Are Christians who help these people complicit in encouraging illegal activity?

Currently the U.S. government is asking for churches to assist asylum seekers. Christians can in good conscience serve their country and—more importantly—serve their Lord by providing food, shelter, and love to these individuals and families during this time of need.

What kind of opportunities for the gospel does this present?

There are a few  things to consider. First, the gospel of Jesus is one of grace and mercy. I can’t help but think of 2 Corinthians 8:9, in which Paul reminds us that we have been made rich by the grace of our Lord Jesus Christ who generously gave up his life so we might have life. With the riches of what Christ has given us, we now have the privilege of enriching others through gracious generosity.

Secondly, many of these sojourners are Christians. As we sit with families seeking asylum we have been blessed to hear story after story of God’s faithfulness to these men, women, and children. It has deeply enriched our own faith as we get to witness the faith of brothers and sisters from Central America.

Finally, hospitality to foreigners is something the Scriptures regularly ask God’s people to provide. One of the ways God’s people are asked to live distinct from the culture they are immersed in is by providing hospitality to foreigners. It is a way that we can bear witness to Jesus and his kingdom.

How can I disciple our congregation to grow in sharing God’s heart for the immigrant?

One upcoming opportunity is a great experience Neighborhood Ministries has put together in partnership with Surge and ASU. I encourage you to read more about it and pray about taking a small group of your church through it.

There are also many Surge churches who have intentionally pushed into this who can be a great resource for creating opportunities for your church to grow in neighbor love. Our team would love to pray and process with you as you consider what this might look like in your own congregation, please don’t hesitate to reach out to me.

How can we pray?

  • for our pastors and church leaders throughout Arizona to be filled with vision, strategic relationships, and wisdom on how to respond

  • for the Spirit to move his people (specifically in our congregations) to greater awareness, compassion, and action as we love immigrants entering our city    

  • for Jesus to give his followers eyes to see through deceptive fear and be compelled by love

  • for God’s people in Arizona to be a faithful witness to the various non-profits, government officials, and sojourners we have an opportunity to interact with in the midst of this challenge

  • for opportunities not only to provide relief, but to push against the injustices that we are made aware of and opportunities to be a foretaste of the kingdom of God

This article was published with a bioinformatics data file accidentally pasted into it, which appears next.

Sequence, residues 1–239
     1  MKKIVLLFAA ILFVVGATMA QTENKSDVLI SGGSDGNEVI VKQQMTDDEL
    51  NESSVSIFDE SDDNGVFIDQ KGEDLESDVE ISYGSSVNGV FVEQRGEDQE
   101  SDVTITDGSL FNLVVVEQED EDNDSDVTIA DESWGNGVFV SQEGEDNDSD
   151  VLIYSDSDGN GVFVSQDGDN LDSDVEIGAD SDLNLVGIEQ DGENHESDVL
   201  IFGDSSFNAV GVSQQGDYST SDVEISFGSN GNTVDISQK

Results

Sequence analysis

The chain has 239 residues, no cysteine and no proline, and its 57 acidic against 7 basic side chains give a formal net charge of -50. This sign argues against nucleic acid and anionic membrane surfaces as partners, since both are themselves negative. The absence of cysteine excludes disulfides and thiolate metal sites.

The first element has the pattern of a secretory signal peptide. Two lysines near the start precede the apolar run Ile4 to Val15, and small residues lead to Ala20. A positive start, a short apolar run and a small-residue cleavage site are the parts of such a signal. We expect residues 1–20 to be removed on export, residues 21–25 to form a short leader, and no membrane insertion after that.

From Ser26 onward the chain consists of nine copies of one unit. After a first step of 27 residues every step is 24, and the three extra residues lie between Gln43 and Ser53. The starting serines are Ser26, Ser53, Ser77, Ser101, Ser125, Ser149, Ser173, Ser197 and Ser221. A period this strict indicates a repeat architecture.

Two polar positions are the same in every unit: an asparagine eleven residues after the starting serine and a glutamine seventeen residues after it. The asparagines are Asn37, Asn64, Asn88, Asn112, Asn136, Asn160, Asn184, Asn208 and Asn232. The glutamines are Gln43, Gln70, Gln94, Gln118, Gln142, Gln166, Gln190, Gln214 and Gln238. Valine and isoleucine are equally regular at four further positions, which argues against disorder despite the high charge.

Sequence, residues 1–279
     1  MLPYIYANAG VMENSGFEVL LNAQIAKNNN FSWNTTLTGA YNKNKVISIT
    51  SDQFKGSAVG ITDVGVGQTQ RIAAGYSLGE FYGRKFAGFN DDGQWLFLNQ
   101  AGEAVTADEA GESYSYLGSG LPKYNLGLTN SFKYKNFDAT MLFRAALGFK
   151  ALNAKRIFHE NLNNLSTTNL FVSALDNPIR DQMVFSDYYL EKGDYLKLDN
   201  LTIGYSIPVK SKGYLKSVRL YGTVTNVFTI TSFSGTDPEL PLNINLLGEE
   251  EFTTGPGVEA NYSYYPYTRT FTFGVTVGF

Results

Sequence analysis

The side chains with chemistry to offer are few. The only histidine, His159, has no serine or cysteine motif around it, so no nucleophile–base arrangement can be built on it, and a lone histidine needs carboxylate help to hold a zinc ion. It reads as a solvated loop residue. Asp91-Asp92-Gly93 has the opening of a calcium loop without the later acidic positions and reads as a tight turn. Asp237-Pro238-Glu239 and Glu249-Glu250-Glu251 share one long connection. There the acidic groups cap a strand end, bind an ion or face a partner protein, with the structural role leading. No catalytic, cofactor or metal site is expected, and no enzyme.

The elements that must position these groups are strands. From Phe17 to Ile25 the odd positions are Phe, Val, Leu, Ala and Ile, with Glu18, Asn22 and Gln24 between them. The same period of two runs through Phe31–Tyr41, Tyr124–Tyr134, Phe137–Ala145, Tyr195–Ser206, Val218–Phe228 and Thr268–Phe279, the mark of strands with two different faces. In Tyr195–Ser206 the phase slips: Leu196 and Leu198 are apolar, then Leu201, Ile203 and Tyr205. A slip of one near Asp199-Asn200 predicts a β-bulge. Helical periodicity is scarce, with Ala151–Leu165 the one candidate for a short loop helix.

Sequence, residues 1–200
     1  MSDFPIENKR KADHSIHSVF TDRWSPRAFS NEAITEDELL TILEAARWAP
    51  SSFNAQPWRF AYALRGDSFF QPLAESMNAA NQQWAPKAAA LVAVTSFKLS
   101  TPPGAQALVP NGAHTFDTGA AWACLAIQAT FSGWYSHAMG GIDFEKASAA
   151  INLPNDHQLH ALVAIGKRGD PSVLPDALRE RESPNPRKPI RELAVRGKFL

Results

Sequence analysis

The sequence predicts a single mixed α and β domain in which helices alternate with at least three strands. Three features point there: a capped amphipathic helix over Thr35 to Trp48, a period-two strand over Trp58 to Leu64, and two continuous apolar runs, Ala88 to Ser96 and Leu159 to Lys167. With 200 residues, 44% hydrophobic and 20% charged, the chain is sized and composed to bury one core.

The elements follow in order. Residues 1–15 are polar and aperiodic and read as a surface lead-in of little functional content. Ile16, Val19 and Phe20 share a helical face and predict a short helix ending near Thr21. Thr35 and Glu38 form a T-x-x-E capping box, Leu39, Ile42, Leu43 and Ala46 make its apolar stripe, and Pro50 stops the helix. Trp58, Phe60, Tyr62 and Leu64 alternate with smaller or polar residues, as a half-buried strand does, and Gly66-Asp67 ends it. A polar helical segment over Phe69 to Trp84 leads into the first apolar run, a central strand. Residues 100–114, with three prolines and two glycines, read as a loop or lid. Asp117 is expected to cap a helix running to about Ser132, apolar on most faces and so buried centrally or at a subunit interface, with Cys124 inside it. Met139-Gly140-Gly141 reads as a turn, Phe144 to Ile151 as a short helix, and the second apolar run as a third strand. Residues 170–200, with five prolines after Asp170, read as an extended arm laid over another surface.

• For peace and justice to reign in Central America

Thank you for all the ways you seek to faithfully shepherd and lead your congregation. There is much to lament and pray about as we encounter the suffering of our neighbors and the polarization of our nation; however, there is also much gratitude that we can give to our Heavenly Father as he has given many of our churches opportunities to serve Jesus together in these ways.


Dennae Pierre
Executive Director
Surge Network

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As Surge celebrates 10 years of fellowship and mission together there is much to thank God for. The Spirit has been kind to bring together leaders from many denominations, traditions, and backgrounds with a shared vision to see Jesus on display in our city. Over the last decade we have shared burdens and joys, seen new churches started, watched church members engage more faithfully in their vocational callings, eaten hundreds of meals together, and tried to be present as our city has had both need and opportunity.

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We are both pastors of local churches. We are both teaching the people we shepherd Jesus' Sermon on the Mount.  And we both have a growing concern that our congregations can easily get swept into the circus of cynicism and the maddening mockery that has been this election season.  Our concern is that cynicism and mockery aren’t markers of God’s salt and light people. Also the vision of the Kingdom we see in the Beatitudes often looks different than the visions of lesser kingdoms the candidates are putting forth.  

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In light of the recent tragedies

Brothers and Sisters,